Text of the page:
If we do not offer this hope, when we have spent time with the broken, then I hesitate to believe that we truly know Jesus as we ought. And if we offer this hope, there will still be rich young rulers who walk away disappointed at the cost of freedom. But we will have offered it. We will have spoken truth and heard hearts and acknowledged stories.

TO THE STRUGGLING WHO FEAR GOING BACK:

Many people fear going back to the past because they fear they will stay stuck there forever. My encouragement is, walk through it for the sake of healing, but don’t build a permanent residence in the past. Find a mentor, a counselor or some other person who won’t judge you or silence you, but will point you to hope in Jesus.

Through that person, let Jesus show you what good He brought into your life and spirit, through the hard things you faced, and listen to His promise that He will make all things beautiful–in His time–and will make all things new. Find that voice of hope and, if you need to, create some distance between you and the negative voices clamoring for your soul, often in the form of well-intentioned, but terribly misguided, people. You need uplifting truth and healthy perspective. You need affirmation and hope.

When I look at what happened in childhood, and focus on it, things can get pretty dark. When I look at it and see how God used it to stir my heart to compassion for the wounded, and passion to make a difference, then suddenly it looks very different, and I begin to thank God for my story.

Perspective, and what we focus on, is critical. We need to focus on purpose, redemption and hope in Jesus, while grieving (in our humanity) the experiences. To thank God, is to disarm the enemy. To praise God is to silence the enemy. And, to do all that, while allowing our hearts to grieve and weep–giving our brokenness to our Heavenly Papa–is to tell the enemy he has no power over us.

These are only some of the ways we overcome the enemy, and the power of darkness in our lives. From practical–finding a mentor who will hear us without judgement–to the spiritual aspect of forgiving those who sin against us, and repenting for our sins, we have been given keys to overcoming the power of the darkness. I would love to declare that all mental anguish will vanish if you do these things, but that is not a promise I can make.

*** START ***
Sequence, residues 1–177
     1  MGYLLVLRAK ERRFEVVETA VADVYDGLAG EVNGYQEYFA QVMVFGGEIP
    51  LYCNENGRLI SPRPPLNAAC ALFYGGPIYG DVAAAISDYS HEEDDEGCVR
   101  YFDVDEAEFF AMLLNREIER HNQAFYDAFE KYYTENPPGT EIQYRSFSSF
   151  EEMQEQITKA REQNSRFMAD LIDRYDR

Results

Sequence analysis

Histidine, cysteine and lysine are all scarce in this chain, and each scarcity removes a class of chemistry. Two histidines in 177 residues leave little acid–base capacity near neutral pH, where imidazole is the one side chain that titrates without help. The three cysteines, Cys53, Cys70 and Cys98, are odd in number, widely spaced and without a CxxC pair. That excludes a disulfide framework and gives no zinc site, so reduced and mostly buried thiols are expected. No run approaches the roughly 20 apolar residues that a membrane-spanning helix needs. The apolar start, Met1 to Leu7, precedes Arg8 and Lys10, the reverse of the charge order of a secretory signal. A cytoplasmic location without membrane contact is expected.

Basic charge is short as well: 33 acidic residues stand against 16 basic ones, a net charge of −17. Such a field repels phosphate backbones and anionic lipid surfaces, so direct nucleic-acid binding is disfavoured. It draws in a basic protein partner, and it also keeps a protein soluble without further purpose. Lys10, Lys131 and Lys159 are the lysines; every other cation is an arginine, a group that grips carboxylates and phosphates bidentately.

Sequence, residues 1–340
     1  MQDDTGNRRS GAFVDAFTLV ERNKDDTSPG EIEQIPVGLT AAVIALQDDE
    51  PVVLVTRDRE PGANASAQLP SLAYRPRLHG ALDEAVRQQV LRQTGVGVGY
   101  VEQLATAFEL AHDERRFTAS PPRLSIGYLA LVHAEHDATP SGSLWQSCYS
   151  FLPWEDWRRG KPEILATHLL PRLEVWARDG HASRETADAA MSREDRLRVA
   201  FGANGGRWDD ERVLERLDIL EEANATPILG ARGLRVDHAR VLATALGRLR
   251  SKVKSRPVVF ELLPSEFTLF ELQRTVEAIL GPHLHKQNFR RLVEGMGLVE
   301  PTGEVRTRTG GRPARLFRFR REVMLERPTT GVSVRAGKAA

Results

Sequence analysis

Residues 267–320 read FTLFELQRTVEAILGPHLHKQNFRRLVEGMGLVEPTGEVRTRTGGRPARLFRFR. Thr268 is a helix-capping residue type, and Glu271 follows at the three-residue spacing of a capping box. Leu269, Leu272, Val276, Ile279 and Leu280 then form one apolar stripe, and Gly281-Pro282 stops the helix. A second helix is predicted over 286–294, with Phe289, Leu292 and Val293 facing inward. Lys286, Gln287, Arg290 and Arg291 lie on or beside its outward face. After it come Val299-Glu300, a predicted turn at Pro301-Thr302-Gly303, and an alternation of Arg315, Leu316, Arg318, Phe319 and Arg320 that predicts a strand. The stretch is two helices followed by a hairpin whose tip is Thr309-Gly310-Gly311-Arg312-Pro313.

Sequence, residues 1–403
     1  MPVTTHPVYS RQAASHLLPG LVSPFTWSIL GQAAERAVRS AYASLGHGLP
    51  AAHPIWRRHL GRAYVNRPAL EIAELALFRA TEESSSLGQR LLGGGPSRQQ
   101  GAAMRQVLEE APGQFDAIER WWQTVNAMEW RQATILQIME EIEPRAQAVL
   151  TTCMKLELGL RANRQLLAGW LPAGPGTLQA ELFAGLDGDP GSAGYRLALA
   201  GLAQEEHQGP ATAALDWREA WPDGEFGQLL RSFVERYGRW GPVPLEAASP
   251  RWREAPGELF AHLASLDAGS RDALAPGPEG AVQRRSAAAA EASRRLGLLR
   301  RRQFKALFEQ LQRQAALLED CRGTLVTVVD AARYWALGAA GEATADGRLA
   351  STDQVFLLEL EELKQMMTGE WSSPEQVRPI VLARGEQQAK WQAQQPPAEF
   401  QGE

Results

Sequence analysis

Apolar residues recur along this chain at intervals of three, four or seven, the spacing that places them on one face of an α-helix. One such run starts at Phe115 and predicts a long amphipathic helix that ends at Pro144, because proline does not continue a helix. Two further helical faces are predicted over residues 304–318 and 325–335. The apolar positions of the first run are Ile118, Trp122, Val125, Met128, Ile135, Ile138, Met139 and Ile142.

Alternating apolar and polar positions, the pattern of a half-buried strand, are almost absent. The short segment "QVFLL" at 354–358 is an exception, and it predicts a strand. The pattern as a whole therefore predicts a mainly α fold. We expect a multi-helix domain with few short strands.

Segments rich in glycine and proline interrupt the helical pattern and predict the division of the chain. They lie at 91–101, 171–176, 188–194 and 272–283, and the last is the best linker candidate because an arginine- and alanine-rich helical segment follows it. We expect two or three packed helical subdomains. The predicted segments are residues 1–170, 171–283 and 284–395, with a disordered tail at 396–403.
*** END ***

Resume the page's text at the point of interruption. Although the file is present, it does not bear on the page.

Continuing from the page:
Many of us fight depression, darkness and spiritual attacks for many years. I have. I do. And, given the work I do, I expect I will continue to fight. But I am not a victim of it. Through Jesus, I am victorious. When I fail, I am forgiven. It is about Him, not about me, or about performance. And that alone is reason to rejoice! So today I choose joy. I choose hope. And I choose to focus on the One by whom I am defined.

What choices will you make… what steps do you need to take  to move into freedom?

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© Trudy Metzger

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(Part 2) Will this ‘Hell’ Ever End? Or Does the Darkness Ultimately Win?

I’ve got to admit that I’ve been stalling with posting ‘Part 2’ and ‘Part 3’… and I have had mild regrets for not ending it some other way with Part 1. Parts of this post, and the next, were very difficult to write and express, but the real problem is in posting it. I am apprehensive. Not because of the content as much as the concern over how it could be interpreted, and how a misinterpretation could impact some readers. Those who are angered by it, which is in the realm of possibilities, don’t worry me so much. They’ll be fine.

It is those who heap silent guilt upon their own heads–because someone else has been heaping it on for them most of their lives–and view this as a ‘to do if you want to be free’ list, or some guilt trip… They are the ones that concern me. So, if you find yourself struggling with what I write, and feeling guilty or oppressed, then my message is not communicating what I desire to communicate, and I welcome private messages via my ‘Contact’ page. I will do my best to respond personally and privately to you, though not likely before early March, as we have a conference in Chambersburg Pennsylvania at the end of February, and it is claiming my spare time.

Note also that Part 2 & 3 were intended to be one post, but since it became so lengthy, I have broken them up in two, but will post them both at the same time, for those who want to continue.

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I ended Part 1 with this paragraph: